RAdm Harju: The Finnish Navy, together with the Finnish Defence Forces Logistics Command, will implement a robust approach, comprising a lot of efforts and resources to establish an effective and efficient training programme in order to achieve Full Operational Capability (FOC) by the end of 2028. The crews will be trained both in-country and at the facilities of the companies. Simulators will also be used, but the exact level and scale is still to be defined, pending the outcome of how we progress with the planning for the training. It is worth mentioning that the crews currently serving on board the ships that are scheduled to be decommissioned [the 4 RAUMA and 2 HAMEENMAA class units] will be manning our new corvettes. Thus, we will be able to retrain the majority of the personnel.

ESD: I suppose that with the introduction of these ‘state-of-the-art’ units, you will have to re-think the navy’s Concept of Operations (CONOPS) to make the most out of these new units?
RAdm Harju: As the POHJANMAA units are going to be one of the world’s most modern and advanced platforms, they will set a new era in terms of operational readiness, weapon and sensor suites. The use of the corvettes is definitely different from the way we operated our current platforms and this will have an impact on our Concept of Operations. Consequently, we are modifying and updating our concepts and procedures in order to ensure the optimal use of these new units. The doctrine of the Finnish Navy is not going to change, but it will naturally be reviewed and re-assessed.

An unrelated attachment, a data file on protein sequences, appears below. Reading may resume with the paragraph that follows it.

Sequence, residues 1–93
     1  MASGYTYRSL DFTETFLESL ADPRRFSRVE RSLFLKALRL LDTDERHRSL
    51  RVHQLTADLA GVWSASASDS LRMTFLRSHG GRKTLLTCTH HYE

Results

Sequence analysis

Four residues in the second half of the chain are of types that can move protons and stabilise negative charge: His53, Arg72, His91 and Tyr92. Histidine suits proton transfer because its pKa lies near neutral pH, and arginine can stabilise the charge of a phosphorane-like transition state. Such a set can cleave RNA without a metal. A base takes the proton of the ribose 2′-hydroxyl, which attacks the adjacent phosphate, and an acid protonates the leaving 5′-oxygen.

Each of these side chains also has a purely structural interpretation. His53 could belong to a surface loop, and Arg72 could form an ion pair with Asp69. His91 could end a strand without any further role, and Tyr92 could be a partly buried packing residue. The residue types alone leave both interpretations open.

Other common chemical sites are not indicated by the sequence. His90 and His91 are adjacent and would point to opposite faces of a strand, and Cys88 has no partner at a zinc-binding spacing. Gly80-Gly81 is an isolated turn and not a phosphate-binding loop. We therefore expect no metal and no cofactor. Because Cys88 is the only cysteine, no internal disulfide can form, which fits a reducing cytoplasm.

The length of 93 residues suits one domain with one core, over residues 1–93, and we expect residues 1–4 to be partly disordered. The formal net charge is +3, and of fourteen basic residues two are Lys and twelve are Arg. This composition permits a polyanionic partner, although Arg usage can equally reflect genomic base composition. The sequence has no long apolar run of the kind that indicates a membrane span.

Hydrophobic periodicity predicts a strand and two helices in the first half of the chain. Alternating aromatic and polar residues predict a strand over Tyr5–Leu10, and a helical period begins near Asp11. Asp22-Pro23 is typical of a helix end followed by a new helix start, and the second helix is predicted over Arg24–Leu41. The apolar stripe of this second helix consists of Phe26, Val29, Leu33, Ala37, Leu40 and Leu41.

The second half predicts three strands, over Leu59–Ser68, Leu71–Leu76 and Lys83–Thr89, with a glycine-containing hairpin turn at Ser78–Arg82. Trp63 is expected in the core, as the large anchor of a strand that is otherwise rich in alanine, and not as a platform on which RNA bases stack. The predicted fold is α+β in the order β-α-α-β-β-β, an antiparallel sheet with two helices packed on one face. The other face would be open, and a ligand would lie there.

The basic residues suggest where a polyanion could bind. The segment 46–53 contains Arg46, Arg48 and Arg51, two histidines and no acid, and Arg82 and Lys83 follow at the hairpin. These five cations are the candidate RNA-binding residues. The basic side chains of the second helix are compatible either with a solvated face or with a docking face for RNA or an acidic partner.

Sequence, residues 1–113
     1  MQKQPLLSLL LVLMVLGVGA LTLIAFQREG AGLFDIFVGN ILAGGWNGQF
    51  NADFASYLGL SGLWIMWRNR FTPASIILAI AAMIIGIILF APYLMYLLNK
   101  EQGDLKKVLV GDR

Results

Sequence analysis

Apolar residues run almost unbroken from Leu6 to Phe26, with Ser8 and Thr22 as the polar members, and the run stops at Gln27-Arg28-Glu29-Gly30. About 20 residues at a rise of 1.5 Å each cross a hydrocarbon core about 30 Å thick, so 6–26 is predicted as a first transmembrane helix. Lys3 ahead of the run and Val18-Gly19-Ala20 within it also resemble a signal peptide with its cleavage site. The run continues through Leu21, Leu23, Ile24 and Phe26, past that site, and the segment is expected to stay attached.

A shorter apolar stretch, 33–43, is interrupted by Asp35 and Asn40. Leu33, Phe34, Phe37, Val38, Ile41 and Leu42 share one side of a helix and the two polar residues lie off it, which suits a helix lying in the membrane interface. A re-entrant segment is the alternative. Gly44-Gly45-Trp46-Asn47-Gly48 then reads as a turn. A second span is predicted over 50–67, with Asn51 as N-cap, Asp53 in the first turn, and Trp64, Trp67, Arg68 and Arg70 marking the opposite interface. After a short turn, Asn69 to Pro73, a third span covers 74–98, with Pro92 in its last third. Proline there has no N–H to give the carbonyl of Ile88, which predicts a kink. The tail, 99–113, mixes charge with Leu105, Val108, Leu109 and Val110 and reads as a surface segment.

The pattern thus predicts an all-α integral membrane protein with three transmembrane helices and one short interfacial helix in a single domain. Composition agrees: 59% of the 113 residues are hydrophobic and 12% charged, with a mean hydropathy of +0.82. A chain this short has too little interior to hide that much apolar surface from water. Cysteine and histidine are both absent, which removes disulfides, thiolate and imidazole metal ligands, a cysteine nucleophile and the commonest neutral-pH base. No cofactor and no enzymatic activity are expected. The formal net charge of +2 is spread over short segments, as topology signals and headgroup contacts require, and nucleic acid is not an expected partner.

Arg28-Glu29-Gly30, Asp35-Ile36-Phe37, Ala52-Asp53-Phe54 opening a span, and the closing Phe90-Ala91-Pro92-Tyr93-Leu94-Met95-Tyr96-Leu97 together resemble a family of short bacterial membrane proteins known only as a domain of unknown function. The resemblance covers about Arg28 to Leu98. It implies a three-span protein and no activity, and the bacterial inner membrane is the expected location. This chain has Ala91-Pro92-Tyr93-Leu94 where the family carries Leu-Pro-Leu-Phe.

ESD: What are your Navy’s other procurement programmes underway or in the pipeline?
RAdm Harju: We are looking into the procurement of logistic support ships. The requirements for these new platforms are currently being looked into. We are also to replace our influence and contact minesweeping capabilities of the KUHA and KIISKI classes around mid-2020. A study is underway and we closely monitor the results of the European Defence Agency’s technology demonstrator projects, in which the Finnish Navy also participates. Even though the naval units take most of the attention, we need to maintain our coastal units’ capabilities at an adequate level. We are to substitute our RBS-15M SSM system with the GABRIEL SSM system, as well as the ageing short-range missile and fixed artillery systems.